“Steve brought product to life through display presentation with a wow factor,” says Corsi. “He was always in pursuit of excellence in providing fresh produce to be offered at the peak of freshness and flavor. In addition, Steve was an innovator in search of unique fruits and vegetables that delivered on exceptional flavor.”
“Steve taught his people about strong, long-term partnerships with the best shippers, and that is still a hallmark of Wegmans to this day,” says Silbermann, adding, “It’s no wonder that people from around the world made pilgrimages to Rochester to see for themselves the produce departments that even to this day have Steve Gallucci’s fingerprints all over them.”
Gullucci worked directly with shippers to bring in ripe, high-flavor products, setting strict guidelines, and he was a pioneer in creative merchandising and ways to go to market on promotions, according to Dick Spezzano, former vice president of produce and floral at Vons.
Corsi reminisces about his personal relationship with Gallucci and the most important lessons he learned from him. “He was detail-minded about each produce item we offered, conveying about product to only be displayed at its peak of perfection,” he says. “It had to be something we were proud to merchandise and never place something out on display that we wouldn’t purchase ourselves as a customer.”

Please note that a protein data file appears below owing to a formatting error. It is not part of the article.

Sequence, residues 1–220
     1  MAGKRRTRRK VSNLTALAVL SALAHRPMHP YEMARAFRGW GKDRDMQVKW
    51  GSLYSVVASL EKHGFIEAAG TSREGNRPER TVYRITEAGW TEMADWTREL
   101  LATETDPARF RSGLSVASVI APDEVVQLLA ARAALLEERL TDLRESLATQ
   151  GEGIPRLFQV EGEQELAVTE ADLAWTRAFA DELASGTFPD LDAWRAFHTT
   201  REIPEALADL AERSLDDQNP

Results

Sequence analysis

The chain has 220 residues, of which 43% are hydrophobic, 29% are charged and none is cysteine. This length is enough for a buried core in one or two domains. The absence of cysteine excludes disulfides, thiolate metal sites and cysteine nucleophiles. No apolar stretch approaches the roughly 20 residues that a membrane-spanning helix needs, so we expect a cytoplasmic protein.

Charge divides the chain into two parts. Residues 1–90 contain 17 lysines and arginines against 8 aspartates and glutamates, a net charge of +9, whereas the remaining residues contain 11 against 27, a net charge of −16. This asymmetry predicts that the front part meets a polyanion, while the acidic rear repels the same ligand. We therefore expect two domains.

Wegmans started over 100 years ago as a fruit and vegetable company. “It is no coincidence that during Steve’s tenure, we moved the entire produce department from the back of the store to the first department you walk into. We wanted the customer’s first impression to be the best impression, and Steve brought produce to life like no other,” says Corsi.
“I do recall one conversation with Steve that will give you some insight to the priority he always gave to artistry in his business,” says Silbermann. “We were riding on a bus to dinner, and the PMA Guide to Category Management had just been published.”
Category Management was the application of new analytical tools to examine and interpret the profitability of the department by segments and holistically. “Steve was concerned, saying he was worried that if we get carried away with all this analysis, we’ll start eliminating items from the department just because they don’t carry their weight.” And he explained how variety and choice had always been the focus of his departments at Wegmans. “He was determined not to lose that. It’s clear from the past 20 years that the company took Steve’s caution to heart.”
The company gave tribute to that fact: “Wegmans was named one of the country’s top produce retailers, thanks to Steve Gallucci,” says Silbermann. “Throughout Wegmans and the entire supermarket industry, his innovations stand out. European slant tables for produce displays, open fresh-cut preparation areas, continuous sampling, and the beautifully lettered chalkboards, which were all signature statements for Wegmans produce at the time. In addition, we have Steve to thank for introducing Wegmans Strive for 5 program before the national Five a Day program was launched. For Steve, the customers’ health and convenience came first. He strove for excellence and, when he passed at the age of 58, he left an eternal legacy.”